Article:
As a parent, I want only the best for my children. It is why we tell them to brush their teeth, give them chores, and sign them up for character-building extracurricular activities.

When it comes to money, parents also want their kids to walk on the right path. We might talk about the significance of saving up for major purchases or for college. We may offer them allowances to help them learn to manage money on their own or play games with them such as Monopoly to introduce them to the world of finance. But parents often fall short when it comes to aiding their children to understand the more complex topic of building wealth for the long-term through investing. It is extremely important to have a conversation or two about saving for retirement, especially by the time your child has a part-time summer or high school job. A traditional or Roth Individual Retirement Account (IRA) can be a great tool to help them see the impact of saving and investing for retirement, and with IRAs of their own, children can personally see how these retirement accounts work.

How do I open an IRA for a child?

The difference between a traditional and a Roth IRA for a child is the same as the difference between those two tax-advantaged retirement accounts for an adult. Traditional IRAs allow the account owners to make deposits up to a certain amount and then count that amount toward a tax deduction. Any withdrawals taken from a traditional IRA are subject to taxes.

For Roth IRAs, the tax advantage comes later. When you make these deposits, the funds are already taxed as income. Then, when you withdraw those funds, you will not have to pay taxes on any gains your investments have made. Many youths, such as those who hold part-time or summer-only jobs, have annual incomes that fall below the taxable threshold. In these cases, contributions to a Roth IRA and distributions have the potential to be tax-free.

To open a traditional or Roth IRA for minors, you will need to open it in your child’s name and manage the account as a custodian. Then, when your child reaches the age of majority in your state, whether it be 18 or 21, your child takes over the management of the IRA. If you already have an investment account, check to see if your broker offers a traditional or Roth IRA for kids. Chances are they do. Because the account is in your child’s name, all you should need is his or her social security number. 

Traditional & Roth IRA for kids: It is never too early    

There is no age restriction on a traditional or Roth IRA for kids. If your five-year-old child has earned income (unlikely but possible), you could conceivably open an IRA in his or her name and start the retirement saving process. The earlier children start investing, the more time their investments must flourish.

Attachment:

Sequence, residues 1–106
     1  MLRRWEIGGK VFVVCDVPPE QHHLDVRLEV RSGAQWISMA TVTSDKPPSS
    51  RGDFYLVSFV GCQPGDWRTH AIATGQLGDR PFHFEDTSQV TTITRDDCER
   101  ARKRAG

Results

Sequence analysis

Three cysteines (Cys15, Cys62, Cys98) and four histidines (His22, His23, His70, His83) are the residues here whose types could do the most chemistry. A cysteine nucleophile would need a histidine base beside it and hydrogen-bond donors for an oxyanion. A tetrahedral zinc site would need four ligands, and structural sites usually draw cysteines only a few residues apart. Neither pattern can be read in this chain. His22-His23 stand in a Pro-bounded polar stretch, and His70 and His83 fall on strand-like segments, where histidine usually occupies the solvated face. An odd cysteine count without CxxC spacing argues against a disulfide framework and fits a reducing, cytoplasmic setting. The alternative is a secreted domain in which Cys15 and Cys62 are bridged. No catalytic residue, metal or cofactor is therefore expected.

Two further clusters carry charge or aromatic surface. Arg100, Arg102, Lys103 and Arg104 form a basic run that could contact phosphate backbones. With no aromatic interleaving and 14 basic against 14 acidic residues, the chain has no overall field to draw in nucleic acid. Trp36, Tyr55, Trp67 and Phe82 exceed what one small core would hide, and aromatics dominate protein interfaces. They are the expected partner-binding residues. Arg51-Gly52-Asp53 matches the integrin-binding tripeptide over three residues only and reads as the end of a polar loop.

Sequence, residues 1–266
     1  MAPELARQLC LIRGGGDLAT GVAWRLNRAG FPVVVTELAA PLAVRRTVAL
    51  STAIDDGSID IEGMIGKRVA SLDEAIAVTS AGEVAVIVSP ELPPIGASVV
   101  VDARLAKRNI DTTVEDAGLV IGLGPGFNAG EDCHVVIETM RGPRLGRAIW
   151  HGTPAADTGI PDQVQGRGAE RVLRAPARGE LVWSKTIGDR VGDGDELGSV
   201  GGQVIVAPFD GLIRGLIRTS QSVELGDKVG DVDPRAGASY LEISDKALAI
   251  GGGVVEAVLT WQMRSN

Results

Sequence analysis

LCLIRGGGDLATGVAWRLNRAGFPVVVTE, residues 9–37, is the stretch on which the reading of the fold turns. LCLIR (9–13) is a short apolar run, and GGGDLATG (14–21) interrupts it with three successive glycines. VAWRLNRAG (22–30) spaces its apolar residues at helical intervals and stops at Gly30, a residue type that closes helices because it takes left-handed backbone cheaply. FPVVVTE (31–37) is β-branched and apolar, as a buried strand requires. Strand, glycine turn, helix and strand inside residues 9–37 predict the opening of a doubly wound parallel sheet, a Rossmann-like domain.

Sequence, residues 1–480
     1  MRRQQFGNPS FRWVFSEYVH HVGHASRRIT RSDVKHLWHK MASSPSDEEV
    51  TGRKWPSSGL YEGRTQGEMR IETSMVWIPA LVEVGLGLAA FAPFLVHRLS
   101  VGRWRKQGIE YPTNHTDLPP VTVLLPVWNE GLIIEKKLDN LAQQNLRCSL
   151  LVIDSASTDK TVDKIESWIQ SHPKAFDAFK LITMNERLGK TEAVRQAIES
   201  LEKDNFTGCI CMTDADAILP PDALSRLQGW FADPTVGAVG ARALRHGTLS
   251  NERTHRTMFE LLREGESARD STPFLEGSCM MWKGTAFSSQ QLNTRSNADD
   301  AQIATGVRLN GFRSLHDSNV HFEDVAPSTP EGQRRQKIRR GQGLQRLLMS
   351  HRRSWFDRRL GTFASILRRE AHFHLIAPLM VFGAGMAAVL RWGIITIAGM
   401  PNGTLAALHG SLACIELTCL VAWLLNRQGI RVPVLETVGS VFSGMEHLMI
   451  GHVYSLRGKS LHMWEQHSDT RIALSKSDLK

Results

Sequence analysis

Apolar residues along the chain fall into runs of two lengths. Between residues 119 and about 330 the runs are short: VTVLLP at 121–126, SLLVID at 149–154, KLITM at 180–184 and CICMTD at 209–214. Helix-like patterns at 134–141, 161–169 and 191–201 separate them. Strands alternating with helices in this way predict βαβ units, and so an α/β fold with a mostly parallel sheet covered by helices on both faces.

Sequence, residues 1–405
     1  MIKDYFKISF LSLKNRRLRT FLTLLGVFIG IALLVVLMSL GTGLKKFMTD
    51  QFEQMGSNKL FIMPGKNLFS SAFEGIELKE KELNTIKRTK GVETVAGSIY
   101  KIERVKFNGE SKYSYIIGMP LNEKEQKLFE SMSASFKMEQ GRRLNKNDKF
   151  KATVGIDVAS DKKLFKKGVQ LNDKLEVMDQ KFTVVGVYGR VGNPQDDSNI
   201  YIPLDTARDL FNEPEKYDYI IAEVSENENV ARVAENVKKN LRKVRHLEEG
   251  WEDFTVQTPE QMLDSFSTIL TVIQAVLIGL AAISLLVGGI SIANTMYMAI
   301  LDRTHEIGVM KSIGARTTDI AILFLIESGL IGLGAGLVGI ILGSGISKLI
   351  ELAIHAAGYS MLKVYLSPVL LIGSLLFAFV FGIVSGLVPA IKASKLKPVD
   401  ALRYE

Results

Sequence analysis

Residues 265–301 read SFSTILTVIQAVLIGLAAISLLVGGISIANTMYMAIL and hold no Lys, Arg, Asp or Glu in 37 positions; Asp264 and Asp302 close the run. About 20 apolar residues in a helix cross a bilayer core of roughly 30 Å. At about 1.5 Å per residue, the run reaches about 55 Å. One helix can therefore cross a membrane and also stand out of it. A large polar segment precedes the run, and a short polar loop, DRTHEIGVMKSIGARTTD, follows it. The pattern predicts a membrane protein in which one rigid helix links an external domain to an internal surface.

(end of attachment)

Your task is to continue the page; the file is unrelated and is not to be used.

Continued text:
As with any IRA, an IRA for a minor comes with contribution caps. For 2021 you can contribute $6,000 per year, but you will not be able to put that much into an IRA for your child if he or she does not earn above that threshold. If your child makes $3,000 as a waiter or waitress over the summer and does not make any other money during the year, that is the limit. Earned income, for the purposes of a traditional or Roth IRA for kids, includes money from any job they would report on a tax return. Self-employment, like mowing lawns and babysitting, counts as earned income. Your child can also work doing small tasks for your family business if you pay them a reasonable wage. You and your child can both make contributions, but your joint annual contributions cannot exceed either the child’s total earned income or $6,000, whichever is lower.

One incentive is to introduce a match. Promise your children that if they invest with money from their jobs, you will match it with your own money. This should encourage them to take an interest in their financial future. 

What are some investment lessons with a traditional or Roth IRA for a child?

A traditional or Roth IRA for minors can be one way to help your child pursue long-term wealth by offering a number of savings and investment lessons. As you and your child contribute to the account, make sure to share and discuss the fund’s performance.

As your child’s portfolio develops, you can help identify where successful and unsuccessful investment choices were made. You can take the opportunity to discuss why a particular stock increased or decreased, and what lessons an investor can learn in hindsight from how your child’s portfolio performed.

Watching the account over time and engaging in discussions about it can help your child remain excited about retirement investing. Kids who catch the “investing bug” at an early age may be more likely to continue contributing once they’re managing their retirement portfolio on their own.

If you have a question on this topic or any other tax matter, please give us a call.